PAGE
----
COVENANT, DEPENDENT. A dependent covenant is one which it is not the duty of the covenantor to perform, until some other covenant, contained in the same agreement, has been performed by the opposite party. When covenants are dependent or concurrent the covenantee is not entitled to recover for the breach of such a covenant until after he has performed the covenants on his part. 4 Wash. C. C. Rep. 714. Vide 2 Dougl. R. 089; Lofft, 194; Platt on Cov. 71 ; 2 Selw. N. P. 443, 444. To ascertain whether covenants are dependent or not, the intention of the parties is to be discovered, rather than the order or time in which the acts are to be done, the structure of the instrument, or the arrangement of the covenants. 4 Wash. C. C. R. 714, 715; Willis, 157; 7 T. R. 130; 8 T. R. 366; 5 Bos. & Pull. 233; 1 Saund. 320, note 4 ; Dougl. 690; 4 Watts, R. 26; 2 Johns. R. 145.
COVENANT, EXECUTED.— Where the covenant relates to an act already done, it is called a covenant executed. Shep. Touch. 161.
COVENANT, EXECUTORY.— An executory covenant is one to be performed at a future time. Shep. Touch. 161.
COVENANT, EXPRESS; express covenants are such as are
created by the express words of the parties, in a deed, declaratory of their intentions. The law does not require any particular form to create an express covenant. The formal word "covenant" is not indispensably necessary, 2 Mod. 268; 3 Keb. 848; 1 Leon. 324; 1 Bing. 433; 8 J. B. Moore, 546; 1 Ch. Cas. 294; 16 East, 352; 12 East, 182, n. The words "I oblige," "agree," 1 Ves. 516; 2 Mod. 266; or, "I bind myself to pay so much such a day, and so much at another day," Hardr. 178; 3 Leon. 119, pl. 199, are held to be covenants, and so are the words of a bond, 1 Ch. Cas. 194. But words merely importing an order or direction that other persons should pay a sum of money are not a covenant. 6 J. B. Moore, 202, n. (a)
COVENANT, INHERENT— Inherent covenants are such as are made in relation to land; as that the thing demised shall be quietly enjoyed; shall be kept in repair; shall not be aliened, or, if sold, that the lessor shall have the first refusal; to make further assurances and the like. Touchs. 161.
COVENANTS, IMPLIED. Implied covenants depend for their existence on the intendment and construction of law. There are some words which of themselves do not import an express covenant, yet being made use of in certain contracts have a similar operation and are called covenants in law; and are as effectually binding on the parties, as if expressed in the most unequivocal terms. Bac. Abr. Covenant, B. A few examples will be given of words on which implied covenants may be raised. If a lease fbr years be made by any of the following words, "grant," 1 Mod. 113; Freem. 367; Cro. Eliz. 214; 5 B. & Co. 609; 4 Taunt. 609; "grant and demise," 4 Wend. 502; "demise," 10 Mod. 162; 4 Co. 80; Hob. 12; or, " de.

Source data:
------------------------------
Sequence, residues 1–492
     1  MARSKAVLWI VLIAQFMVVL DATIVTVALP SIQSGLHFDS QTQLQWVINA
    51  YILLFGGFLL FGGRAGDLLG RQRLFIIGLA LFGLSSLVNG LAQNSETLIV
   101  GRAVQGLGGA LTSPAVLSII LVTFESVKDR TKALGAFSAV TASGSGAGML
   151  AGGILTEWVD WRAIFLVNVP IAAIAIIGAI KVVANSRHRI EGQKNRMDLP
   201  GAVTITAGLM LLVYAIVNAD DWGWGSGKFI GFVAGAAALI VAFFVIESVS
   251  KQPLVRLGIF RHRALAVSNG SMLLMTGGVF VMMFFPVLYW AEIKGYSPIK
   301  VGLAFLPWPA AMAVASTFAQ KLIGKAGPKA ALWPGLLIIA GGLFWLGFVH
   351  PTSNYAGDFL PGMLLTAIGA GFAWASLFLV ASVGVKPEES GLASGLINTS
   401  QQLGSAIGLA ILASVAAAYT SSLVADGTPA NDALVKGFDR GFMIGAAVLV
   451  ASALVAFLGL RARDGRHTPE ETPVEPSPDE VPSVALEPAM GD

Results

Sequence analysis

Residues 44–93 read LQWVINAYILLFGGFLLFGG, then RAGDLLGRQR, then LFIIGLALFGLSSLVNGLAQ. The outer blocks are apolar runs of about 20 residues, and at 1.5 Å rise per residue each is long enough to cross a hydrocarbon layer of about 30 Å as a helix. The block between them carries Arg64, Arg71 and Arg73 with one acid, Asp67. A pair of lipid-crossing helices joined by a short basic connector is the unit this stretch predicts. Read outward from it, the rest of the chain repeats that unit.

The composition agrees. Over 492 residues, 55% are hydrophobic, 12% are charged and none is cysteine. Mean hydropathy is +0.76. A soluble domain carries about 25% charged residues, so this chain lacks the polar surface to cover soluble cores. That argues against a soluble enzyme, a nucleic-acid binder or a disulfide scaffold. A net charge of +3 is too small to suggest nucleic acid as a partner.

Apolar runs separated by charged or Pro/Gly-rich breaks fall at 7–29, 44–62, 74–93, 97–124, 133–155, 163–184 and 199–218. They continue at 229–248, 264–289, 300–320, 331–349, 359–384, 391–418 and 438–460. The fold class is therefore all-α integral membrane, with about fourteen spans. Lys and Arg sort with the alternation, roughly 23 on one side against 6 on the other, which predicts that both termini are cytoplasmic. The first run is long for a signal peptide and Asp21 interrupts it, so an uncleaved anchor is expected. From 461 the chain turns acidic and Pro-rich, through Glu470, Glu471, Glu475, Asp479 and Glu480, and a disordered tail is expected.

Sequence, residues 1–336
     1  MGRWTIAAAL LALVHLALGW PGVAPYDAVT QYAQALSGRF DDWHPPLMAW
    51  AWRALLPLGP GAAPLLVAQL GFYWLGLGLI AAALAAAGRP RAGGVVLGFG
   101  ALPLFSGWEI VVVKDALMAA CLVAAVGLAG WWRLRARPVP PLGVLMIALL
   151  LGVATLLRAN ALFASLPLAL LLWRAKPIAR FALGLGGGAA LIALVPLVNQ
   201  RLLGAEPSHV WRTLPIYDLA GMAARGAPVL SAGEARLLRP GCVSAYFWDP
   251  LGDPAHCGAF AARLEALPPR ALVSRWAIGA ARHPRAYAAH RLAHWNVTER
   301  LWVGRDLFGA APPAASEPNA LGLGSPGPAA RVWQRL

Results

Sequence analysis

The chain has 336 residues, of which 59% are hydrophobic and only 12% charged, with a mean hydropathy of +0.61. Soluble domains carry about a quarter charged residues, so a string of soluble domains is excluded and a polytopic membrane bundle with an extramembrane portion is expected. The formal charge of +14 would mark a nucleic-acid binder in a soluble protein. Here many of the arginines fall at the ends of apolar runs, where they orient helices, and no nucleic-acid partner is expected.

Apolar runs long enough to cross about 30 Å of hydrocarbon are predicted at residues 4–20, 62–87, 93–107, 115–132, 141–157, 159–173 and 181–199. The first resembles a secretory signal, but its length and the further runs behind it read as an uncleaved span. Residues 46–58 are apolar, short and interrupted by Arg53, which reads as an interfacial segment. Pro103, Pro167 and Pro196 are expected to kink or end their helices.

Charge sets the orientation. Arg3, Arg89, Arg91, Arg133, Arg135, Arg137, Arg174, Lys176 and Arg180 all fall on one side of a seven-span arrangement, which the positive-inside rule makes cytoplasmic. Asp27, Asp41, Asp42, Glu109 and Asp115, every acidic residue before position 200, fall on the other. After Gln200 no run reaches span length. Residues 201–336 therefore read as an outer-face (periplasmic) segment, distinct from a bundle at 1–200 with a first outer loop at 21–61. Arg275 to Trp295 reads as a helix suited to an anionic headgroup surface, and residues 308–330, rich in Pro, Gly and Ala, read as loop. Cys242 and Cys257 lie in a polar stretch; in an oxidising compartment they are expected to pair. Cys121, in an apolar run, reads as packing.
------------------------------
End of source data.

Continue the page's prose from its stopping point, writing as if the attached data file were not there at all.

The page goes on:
miserunt," 1 Show. 79; 1 Salk. 137. » By legislative enactment in Pennsylvania the words " grant, bargain, and sell," shall be adjudged an express covenant to the grantee, his heirs and assigns; to wit, that the grantor was seized of an indefeasible estate in fee simple, freed from incumbrances done or suffered from the grantor, (excepting the rents and services due to the lord of the fee) as also for quiet enjoyment against the grantor, his heirs and assigns, unless limited by express words contained in such deed, and that the grantee, his heirs, executors, and assigns, may in any action assign breaches, as if such covenants were expressly inserted. Act of 28 May, 1715, s. 6; 2 Binn. 99; 4 Dall. 441; 4 Kent, Com. 460.
COVENANT, JOINT. A joint covenant is one by which several parties agree to perform or do a thing together. In this case, although there are several covenantors there is but one contract, and if the covenant be broken, all the covenanttors living must be sued; as there is not a separate obligation of each, they cannot be sued separately.
COVENANTS, MUTUAL or INDENDENT. Mutual or independent covenants are those entered into by the parties to an agreement towards each other, which each is bound to perform towards the other, notwithstanding the opposite party may not have fulfilled his. Platt on Cov. 71.
COVENANT, NEGATIVE. A negative covenant is one where the party binds himself that he has not performed and will not perform a certain act; as, that he will not encumber. Such a covenant cannot be said to be performed until it becomes impossible to break it. On this ground the courts are unwilling to construe a covenant of this kind to be a condition precedent. There
fore, where a tailor assigned his trade to the defendant and covenanted thenceforth to desist from carrying on the said business with any of the customers, and the defendant, in consideration of the performance thereof, covenanted to pay him a life annuity of 100/., it was held that if the words in consideration of the performance thereof, should be deemed to amount to a condition precedent, the plaintiff would never obtain his annuity; because as at any time during his life he might exercise his former trade, until his death it could never be ascertained whether he had performed the covenant or not. 2 Saund. 156; 1 Sid. 464; 1 Mod. 64; 2 Keb. 674. The defendant, however, on a breach by plaintiff, might have his remedy by a cross-action of covenant. There is also a difference between a negative covenant, which is only in affirmance of an affirmative covenant precedent, and a negative covenant which is additional to the affirmative covenant. 1 Sid. 87; 1 Keb. 334, 372. To a covenant of the former class a plea of performance generally is good, but not to the latter; the defendant in that case must plead specially. Ibid.
COVENANT NOT TO SUE. This is a covenant entered into by a party who had a cause of action at the time of making it, and by which he agrees not to sue the party liable to such action. Covenants of this nature, are either covenants perpetual not to sue, or covenants not to sue for a limited time; for example, seven years.
§ 1. Covenants perpetual not to sue. These will be considered with regard to their effect as relates, 1, to the covenantee; 2, to his partners or co-debtors.
1. A covenant not to sue the covenantee at all, has the effect of a release to him, and may be pleaded as such to avoid a circuity of action.